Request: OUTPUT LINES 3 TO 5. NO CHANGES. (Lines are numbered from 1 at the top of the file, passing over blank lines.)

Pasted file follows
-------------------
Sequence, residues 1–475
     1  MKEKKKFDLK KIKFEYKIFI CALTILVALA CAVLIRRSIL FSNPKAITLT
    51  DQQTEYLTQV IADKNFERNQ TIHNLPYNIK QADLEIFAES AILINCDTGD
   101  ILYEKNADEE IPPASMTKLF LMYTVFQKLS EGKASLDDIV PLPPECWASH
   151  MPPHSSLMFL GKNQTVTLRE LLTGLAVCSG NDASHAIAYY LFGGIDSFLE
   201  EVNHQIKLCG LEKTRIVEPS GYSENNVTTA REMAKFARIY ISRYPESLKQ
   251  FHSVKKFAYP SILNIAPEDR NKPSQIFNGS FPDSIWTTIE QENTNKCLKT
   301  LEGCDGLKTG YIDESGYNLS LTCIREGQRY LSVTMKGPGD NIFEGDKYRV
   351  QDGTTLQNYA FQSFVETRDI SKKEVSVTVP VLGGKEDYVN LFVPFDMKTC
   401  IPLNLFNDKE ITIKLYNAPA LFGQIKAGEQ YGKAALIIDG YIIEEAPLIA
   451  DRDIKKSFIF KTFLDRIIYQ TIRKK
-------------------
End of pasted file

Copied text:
    51  DQQTEYLTQV IADKNFERNQ TIHNLPYNIK QADLEIFAES AILINCDTGD
   101  ILYEKNADEE IPPASMTKLF LMYTVFQKLS EGKASLDDIV PLPPECWASH
   151  MPPHSSLMFL GKNQTVTLRE LLTGLAVCSG NDASHAIAYY LFGGIDSFLE